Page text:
celindion. faucet design. February 22nd , 2018.
A good touch sensitive kitchen faucet will never turn on by itself. They can be used on any type of sinks including metal ones. In the dawn of touch sensitivity in faucets, they had a number of problems including turning on too often by accident. In modern faucets, these problems are eliminated. It is wise, however, not to rely on just any touch sensitive faucet out there. There are cheap faucets without even name or brand that offer you a bunch of advanced features. If you buy one of them, it′s a gamble. In my opinion, the safest way to go is finding a brand whose touch sensitive faucets have proved to be reliable. The information available online can help a lot. User ratings, comments and reviews can give you a better idea about the quality. Be aware though that even the best faucet won′t work as expected if installed on a metal sink with insufficient insulation. In this case, the sink itself can become a "continuation" of the faucet, and it will turn on just by touching the sink. The problem will be gone when the faucet is installed with a proper insulation.
Some use strong magnets that do a good job to hold the wand in the dock. Others use a smart combination of weights, extremely precise docks and flexible hoses. Whatever the method used in the faucet to keep the spray wand in its place, it might be wise to consult the users′ feedback to see if there are problems with loose fit.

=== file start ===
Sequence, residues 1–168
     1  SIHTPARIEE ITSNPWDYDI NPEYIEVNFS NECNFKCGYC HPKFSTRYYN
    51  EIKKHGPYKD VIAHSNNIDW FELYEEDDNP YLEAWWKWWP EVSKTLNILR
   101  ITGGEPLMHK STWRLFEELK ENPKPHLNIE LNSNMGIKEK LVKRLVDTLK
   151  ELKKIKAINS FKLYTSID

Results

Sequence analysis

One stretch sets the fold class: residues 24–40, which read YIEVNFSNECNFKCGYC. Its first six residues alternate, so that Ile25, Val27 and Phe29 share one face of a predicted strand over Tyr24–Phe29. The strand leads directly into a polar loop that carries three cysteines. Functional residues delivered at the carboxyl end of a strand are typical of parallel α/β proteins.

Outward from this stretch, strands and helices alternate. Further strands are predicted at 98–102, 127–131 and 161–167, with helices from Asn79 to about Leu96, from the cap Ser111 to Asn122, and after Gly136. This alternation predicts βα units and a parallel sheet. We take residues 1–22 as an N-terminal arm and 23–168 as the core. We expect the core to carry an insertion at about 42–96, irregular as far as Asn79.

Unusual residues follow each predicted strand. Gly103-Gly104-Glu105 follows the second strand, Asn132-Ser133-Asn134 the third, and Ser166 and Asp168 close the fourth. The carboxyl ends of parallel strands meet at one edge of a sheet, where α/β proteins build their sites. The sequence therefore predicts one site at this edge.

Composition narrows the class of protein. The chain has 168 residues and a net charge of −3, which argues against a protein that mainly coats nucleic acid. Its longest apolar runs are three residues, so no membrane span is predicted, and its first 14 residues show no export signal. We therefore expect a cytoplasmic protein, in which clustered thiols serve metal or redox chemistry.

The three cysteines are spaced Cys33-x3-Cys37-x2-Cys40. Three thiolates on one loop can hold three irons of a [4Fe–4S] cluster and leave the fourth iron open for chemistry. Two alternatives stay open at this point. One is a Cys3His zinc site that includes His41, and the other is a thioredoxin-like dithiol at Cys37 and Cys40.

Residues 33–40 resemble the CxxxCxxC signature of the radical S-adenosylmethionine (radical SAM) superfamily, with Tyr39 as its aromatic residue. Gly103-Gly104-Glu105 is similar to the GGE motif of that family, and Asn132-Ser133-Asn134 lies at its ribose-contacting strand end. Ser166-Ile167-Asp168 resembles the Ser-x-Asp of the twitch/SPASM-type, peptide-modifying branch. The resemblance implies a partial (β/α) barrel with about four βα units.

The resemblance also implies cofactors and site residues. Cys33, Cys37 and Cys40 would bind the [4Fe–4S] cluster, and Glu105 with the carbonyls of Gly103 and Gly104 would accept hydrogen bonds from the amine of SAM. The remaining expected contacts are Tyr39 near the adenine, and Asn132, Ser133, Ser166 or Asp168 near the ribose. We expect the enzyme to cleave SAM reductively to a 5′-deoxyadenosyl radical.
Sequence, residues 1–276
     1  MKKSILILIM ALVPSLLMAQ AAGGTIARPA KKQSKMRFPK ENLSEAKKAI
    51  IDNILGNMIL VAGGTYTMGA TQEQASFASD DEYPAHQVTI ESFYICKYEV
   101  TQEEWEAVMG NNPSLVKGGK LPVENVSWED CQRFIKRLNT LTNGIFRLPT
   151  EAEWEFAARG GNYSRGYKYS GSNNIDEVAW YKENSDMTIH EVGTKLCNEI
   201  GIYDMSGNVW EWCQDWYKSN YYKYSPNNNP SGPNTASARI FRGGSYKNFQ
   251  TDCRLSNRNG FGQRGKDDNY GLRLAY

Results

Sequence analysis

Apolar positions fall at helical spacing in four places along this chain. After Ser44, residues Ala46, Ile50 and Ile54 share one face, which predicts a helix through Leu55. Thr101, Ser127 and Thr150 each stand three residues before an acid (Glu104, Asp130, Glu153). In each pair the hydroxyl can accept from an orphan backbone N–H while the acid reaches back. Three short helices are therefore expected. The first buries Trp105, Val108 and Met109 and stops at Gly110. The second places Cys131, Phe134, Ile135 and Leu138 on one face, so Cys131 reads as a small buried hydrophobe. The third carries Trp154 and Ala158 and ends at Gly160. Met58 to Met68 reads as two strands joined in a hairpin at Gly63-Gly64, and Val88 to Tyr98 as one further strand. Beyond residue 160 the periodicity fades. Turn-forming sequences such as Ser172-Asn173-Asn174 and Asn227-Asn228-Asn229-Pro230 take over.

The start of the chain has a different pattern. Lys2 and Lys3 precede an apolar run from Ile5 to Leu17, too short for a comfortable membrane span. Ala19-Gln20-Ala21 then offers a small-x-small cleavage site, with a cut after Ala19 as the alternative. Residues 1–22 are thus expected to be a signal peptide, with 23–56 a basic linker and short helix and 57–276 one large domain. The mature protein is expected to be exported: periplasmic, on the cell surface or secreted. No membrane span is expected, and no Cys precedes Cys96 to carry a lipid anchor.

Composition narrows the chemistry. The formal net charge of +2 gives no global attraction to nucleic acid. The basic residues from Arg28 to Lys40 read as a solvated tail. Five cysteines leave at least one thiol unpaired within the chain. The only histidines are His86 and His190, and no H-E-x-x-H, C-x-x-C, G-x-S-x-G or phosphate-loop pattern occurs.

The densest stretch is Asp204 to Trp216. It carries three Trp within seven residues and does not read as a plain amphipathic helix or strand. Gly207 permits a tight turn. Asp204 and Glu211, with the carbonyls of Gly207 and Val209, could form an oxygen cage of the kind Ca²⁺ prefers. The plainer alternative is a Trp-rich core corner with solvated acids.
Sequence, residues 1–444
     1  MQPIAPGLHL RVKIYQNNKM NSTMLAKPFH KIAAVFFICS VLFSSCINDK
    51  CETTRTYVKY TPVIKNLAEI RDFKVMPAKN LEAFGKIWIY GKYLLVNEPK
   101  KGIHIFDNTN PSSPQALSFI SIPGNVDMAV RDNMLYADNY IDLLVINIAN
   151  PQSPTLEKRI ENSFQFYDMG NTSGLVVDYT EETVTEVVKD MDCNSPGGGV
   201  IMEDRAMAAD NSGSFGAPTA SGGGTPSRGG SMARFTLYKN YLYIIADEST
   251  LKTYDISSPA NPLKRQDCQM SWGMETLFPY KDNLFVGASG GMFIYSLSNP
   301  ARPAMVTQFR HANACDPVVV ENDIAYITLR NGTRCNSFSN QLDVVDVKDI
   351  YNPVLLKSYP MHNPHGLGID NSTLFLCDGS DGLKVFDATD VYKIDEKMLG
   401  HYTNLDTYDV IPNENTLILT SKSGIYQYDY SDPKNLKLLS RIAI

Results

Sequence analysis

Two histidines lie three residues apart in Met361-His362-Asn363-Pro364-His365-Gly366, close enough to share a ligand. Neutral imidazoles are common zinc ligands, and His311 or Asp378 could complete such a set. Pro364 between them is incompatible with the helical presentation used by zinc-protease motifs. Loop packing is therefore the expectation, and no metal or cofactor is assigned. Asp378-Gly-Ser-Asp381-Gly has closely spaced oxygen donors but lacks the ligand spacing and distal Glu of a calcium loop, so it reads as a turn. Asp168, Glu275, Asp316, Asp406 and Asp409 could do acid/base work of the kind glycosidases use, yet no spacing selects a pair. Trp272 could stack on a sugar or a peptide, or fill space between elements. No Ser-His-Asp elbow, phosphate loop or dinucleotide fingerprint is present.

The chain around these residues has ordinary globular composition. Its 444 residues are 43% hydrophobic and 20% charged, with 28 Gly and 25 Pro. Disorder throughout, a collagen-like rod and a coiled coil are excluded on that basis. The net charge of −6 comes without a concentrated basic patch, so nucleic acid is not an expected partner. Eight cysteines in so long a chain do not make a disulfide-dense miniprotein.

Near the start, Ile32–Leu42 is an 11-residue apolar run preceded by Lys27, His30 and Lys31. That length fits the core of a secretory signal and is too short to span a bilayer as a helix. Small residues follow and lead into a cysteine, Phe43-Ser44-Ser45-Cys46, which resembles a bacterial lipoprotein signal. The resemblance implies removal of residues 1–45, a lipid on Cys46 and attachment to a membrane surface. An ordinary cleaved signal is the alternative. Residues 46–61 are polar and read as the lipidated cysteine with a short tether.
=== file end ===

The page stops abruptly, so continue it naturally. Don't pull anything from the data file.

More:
There may be a number of well-grounded reasons for not having touch sensitive faucets in your kitchen. The most widespread one is by far the price that is much higher for touch faucets than for their non-sensitive versions. Some other reasons might be affection for traditional ways, firm determination not to spoil yourself and your family with too effortless ways or plain reluctance to mess with batteries when they need to be changed.
First - Determine Faucet Design: There are four basic faucet designs: ball-style, cartridge, disc, and compression. Sometimes a faucet type can be determined by the outer appearance, but often the faucet must be taken apart to identify what kind of faucet it is. The four faucet designs come under two categories: washer and washer-less.